1. We do not regard the exceptions to the admission of evidence as meritorious, and refrain from detailed expression of opinion in that connection.
2. The more serious challenge which the defendant makes to the plaintiff's position in this appeal is to the submission of the first issue relating to the supposed warranty of the manufacturer and distributors in the sale of the product “Amox,” and the charge of the judge relative thereto, in which he finds such warranty might exist.
The printed matter on the can of Amox described it as “100% active insecticide,” and recommends its use in a hand sprayer, from which, of course, in the nature of things, it is expected to commingle freely with the atmosphere of the room in which it is used for at least an extensive space.
It is further stated that “Amox is made for the purpose of killing-insects, it is not poisonous to human beings, but is sure death to insects.” “Amox Liquid Spray is non-poisonous to human beings, but is not suited for internal use. Do not spray on food or plants.” “Note with all its insect killing power Amox may be used freely indoors.”
We are not disposed to entertain medico-legal technicalities on the definition of the word “poisonous” or the word “poison.” It has a popular as well as, perhaps, a technical significance. Not conceding that the technical significance would not cover a substance the contact of which would produce violent alterations in the cell structure, normal metabolism and healthy functioning of any portion or organ of the body, including the skin, we may easily understand that when the word appears as a label upon products intended for popular consumption and use, it has its popular significance. In Funk & Wagnall’s Dictionary “poison” ■is defined as “any substance that when taken into the system acts in a *546noxious manner by means not mechanical, tending to cause death or serious injury to health.” Century Dictionary: “Any substance which by reason of an inherent deleterious property tends to destroy life or impair health when taken into the system.” No one would deny that the toxic properties of poison ivy or poison sumac brought into the system by external contact with the skin, constitute poison in this popular sense, and we do not doubt in strict medical terminology.
Featuring prominently in this case are the doctrines of warranty and of negligence. As to the first, it is argued by appellant that this case is controlled by Thomason v. Ballard & Ballard Co., 208 N. C., 1, 179 S. E., 30. But the situation in this case is somewhat different from that in the Ballard case, supra, and the distinction in the facts involved is sufficient to mark a distinction also in principle. In that case the Court had nothing before it but the sale of a food product by the wholesale dealer to the retail dealer, with such implications as might arise from that transaction. The Court simply held that the purchaser from the retail dealer was neither party nor privy to the.contract between the vendor and vendee and, therefore, could not avail himself of any warranty that may have existed between them. This was by no means an intimation that the original manufacturer and distributor might not warrant his product to the ultimate consumer in such a way as to make a breach of that warranty actionable.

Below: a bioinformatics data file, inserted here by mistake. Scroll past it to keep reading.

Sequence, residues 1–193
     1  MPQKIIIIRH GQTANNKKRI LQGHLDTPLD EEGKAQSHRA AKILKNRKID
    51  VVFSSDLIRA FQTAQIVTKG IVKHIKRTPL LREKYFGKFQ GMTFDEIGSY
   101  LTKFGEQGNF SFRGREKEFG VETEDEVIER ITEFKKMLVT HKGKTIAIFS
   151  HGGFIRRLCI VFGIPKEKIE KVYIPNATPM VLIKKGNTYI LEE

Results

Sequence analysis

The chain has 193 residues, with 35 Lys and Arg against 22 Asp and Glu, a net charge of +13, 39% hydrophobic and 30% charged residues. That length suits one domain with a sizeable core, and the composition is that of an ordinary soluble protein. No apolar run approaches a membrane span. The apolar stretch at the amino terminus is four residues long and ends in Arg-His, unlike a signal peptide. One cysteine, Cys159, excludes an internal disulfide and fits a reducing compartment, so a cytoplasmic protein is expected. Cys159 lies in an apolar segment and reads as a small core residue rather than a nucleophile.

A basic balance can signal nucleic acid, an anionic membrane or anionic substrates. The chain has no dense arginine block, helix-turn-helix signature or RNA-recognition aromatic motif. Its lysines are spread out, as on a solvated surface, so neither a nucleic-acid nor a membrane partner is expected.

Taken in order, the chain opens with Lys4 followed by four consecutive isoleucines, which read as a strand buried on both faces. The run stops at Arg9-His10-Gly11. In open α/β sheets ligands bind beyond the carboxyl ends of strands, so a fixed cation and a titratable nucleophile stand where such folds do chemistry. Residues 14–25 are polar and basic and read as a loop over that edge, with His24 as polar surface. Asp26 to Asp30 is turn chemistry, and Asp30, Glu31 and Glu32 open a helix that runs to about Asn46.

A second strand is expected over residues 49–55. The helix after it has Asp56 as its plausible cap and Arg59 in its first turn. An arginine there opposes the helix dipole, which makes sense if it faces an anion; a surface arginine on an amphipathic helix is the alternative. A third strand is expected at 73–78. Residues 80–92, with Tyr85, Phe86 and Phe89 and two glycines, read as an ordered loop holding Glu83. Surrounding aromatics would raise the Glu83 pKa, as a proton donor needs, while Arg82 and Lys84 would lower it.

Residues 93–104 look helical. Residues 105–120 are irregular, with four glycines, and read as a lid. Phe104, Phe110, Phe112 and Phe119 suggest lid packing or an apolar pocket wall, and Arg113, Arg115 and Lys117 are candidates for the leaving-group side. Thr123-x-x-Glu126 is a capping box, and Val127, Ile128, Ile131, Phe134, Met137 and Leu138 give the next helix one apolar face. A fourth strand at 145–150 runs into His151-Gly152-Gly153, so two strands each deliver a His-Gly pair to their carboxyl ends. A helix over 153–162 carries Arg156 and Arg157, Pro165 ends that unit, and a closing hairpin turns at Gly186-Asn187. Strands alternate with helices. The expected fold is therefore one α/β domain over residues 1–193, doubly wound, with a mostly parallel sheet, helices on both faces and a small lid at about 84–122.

Here we have written assurances that were obviously intended by the manufacturer and distributor of Amox for the ultimate consumer, since they are intermingled with instructions as to the use of the product; and the defendant was so anxious that they should reach the eye of the consumer that it had them printed upon the package in which the product was distributed. The assurances that the product as used in a spray was harmless to human beings while deadly to insects was an attractive inducement to the purchaser for consumption, and such purchase in large quantities was advantageous to the manufacturer. We know of no reason why the original manufacturer and distributor should not, for his own benefit and that, of course, of the ultimate consumer, make such assurances, nor why they should not be relied upon in good faith, nor why they should not constitute a warranty on the part of the original seller and distributor running with the product into the hands of the consumer, for whom it was intended. Upon the evidence in this case, it must be so regarded.
3. After having proceeded upon the theory of negligence, the plaintiff was permitted to amend her pleading and pursue the warranty. We need not consider here whether the two theories are incompatible. No motion was made by the defendant that the plaintiff be required to elect between them. . Qucere whether the subsequent allegation of injury be- • *547cause of breach of warranty might not have had the effect of such election.
But the trial judge gave .an instruction in this connection which we cannot sustain. Following his instructions on the first and second issues, relating respectively to warranty and negligence, and addressing himself to the issue of damages, he said: “If you answer both the first and second issues 'Yes,’ then you will add to that sum of money which you may find under the rule just laid down such as you may find under the rule first stated.” Reading the instructions to which this observation refers, we think the jury might have inferred that they would be permitted to find separate damages as to each of these issues and add them together in answer to the issue as to damages.
The plaintiff is seeking recovery for one damage sustained as a consequence of her injury and is, of course, entitled to no more.
We think this instruction erroneous, and there must be a